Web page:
One day not terribly long ago, but before OptiFast, my lovely daughter Erica shared with me a daily fear she had for many years.  It was shortly after I had a very the terrifying and shameful experience of being taken from our home on what looked like an appliance dolly (I was too large to go by normal stretcher and we have high stairs) by paramedics with a heart attack scare, while my neighbors watched and cared for my children (see I told you they came around).  It was just two meds that did not mix well, but it was horribly traumatic for my family.  Erica sat down across from my bed, because this is where I spent most of my days before OptiFast, Sleep Apnea Machine, and thyroid medications (sometimes I still spend more time than I like there).  She looked up at me and said, “Some days I am afraid to open the door.”  I asked her why.  With solemn eyes she whispered, “I am afraid I will open the door and you won’t be breathing anymore.  I am so scared.”  This broke my heart.  I shared this information with Mike, and he looked at me with sad eyes and shared this had been his constant daily fear as well.  Heart breaking, to cause such pain.  I knew what they were feeling … we had all gone through it with Will’s accident … intense pain flooded my heart with there tearful expressions.

You have to understand that before OptiFast, one of my family members would call me or I would call them and talk to me on the phone if I had to walk down any of our stairs.  They wished to be on the phone with me should I fall so that they could call 911.  I had numerous falls, and everyone worried I would lay on the floor unaided and not make it through. They were all very protective of me and watched over me constantly.  They are amazing … I guess you can see this.  I am such a blessed woman.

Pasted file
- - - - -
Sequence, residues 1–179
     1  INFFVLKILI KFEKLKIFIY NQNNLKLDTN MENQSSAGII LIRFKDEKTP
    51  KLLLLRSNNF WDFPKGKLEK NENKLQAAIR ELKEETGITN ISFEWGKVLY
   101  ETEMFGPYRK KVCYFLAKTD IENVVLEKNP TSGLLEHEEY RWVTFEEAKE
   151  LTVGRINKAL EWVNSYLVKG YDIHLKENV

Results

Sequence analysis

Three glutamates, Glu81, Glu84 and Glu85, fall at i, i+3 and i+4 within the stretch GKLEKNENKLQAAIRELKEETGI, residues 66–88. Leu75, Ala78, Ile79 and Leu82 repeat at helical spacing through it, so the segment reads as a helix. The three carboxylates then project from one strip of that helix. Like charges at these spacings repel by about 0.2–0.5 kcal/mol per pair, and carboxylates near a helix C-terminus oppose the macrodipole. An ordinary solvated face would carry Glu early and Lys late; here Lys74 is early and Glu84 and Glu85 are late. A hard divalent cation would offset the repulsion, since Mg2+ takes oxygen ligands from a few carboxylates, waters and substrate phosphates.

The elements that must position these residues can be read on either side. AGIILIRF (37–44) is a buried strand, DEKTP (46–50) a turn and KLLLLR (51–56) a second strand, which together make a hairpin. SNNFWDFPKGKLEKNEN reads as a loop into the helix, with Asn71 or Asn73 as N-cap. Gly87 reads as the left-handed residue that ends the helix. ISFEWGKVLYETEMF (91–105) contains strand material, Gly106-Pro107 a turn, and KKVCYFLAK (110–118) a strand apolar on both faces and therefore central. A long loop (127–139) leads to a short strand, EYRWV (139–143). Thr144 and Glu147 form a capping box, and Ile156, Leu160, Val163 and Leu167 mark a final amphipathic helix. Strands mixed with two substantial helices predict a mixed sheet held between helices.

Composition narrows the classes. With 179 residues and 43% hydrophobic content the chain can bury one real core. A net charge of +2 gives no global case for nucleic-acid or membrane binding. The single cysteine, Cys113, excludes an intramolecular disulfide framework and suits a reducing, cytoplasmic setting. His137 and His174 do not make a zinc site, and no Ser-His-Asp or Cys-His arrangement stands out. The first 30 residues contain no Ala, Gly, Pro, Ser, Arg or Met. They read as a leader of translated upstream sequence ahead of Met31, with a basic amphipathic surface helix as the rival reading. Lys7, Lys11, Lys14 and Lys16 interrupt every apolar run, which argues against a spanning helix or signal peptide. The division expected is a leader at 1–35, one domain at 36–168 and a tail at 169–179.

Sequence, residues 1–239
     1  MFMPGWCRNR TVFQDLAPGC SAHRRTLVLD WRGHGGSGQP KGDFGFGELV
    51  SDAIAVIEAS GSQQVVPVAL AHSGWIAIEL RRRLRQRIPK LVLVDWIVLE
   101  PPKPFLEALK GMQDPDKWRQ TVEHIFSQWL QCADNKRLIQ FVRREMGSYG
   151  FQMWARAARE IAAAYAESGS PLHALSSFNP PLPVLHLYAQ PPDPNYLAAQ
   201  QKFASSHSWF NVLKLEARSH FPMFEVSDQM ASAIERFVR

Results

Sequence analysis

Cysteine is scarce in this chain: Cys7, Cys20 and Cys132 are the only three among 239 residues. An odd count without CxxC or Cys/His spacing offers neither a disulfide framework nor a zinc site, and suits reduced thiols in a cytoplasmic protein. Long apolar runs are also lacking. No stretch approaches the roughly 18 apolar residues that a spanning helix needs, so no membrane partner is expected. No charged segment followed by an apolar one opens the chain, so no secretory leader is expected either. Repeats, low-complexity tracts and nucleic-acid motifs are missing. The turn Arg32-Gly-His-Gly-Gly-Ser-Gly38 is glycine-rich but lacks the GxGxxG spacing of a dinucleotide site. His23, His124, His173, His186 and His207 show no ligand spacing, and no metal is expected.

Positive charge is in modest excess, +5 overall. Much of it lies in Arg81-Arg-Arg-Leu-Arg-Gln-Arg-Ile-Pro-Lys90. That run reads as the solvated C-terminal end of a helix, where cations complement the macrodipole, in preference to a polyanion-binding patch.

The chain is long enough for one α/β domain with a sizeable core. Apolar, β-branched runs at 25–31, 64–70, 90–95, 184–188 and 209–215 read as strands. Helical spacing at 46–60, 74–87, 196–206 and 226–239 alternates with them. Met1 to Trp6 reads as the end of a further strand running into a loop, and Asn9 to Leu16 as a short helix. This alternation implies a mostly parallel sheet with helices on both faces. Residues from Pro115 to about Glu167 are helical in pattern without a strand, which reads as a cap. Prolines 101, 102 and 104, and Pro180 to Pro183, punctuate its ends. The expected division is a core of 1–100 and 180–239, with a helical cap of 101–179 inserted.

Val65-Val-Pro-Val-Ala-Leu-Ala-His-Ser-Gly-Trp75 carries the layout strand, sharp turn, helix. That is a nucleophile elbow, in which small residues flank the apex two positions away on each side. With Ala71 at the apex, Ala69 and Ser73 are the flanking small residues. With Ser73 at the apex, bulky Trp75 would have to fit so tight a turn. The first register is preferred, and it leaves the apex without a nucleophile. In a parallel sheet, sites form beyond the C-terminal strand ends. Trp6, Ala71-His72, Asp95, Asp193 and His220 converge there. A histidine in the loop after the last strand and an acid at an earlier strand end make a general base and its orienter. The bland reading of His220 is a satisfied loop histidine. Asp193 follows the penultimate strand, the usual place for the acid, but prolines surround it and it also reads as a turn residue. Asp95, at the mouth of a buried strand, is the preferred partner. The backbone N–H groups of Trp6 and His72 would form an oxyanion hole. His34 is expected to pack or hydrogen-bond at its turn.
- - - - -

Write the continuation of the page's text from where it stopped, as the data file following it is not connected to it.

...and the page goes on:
My husband and daughters are so relieved … so filled with joy these days. I do not know how to express how this affects me.  Will called and asked his dad (he lives in Alaska), “has mom lost weight?  Her face looks so much smaller on FaceBook.”  He then called me to express how happy he was for me (Yes, this is the TBI boy).  Collin, being his usual self, expressed how happy he was I was not so fat anymore, but wondered when I wasn’t fat anymore if I would look old.  He reminded me I had been fat a long time and it could be a problem.  You have to understand how hard I laughed at this–of course he voiced my exact worries.  He let me know that I am doing pretty good and that I don’t look too old (Smiling big). I feel so blessed.  It is like we have won some enormous lottery.  I guess we have.  I have the promise, now, of a normal future and a more timely death.  That sounds so morose, but it isn’t.  It is joyous.  My family has now put the fear of my premature death away for another later day.  This is truly a wondrous and beautiful thing.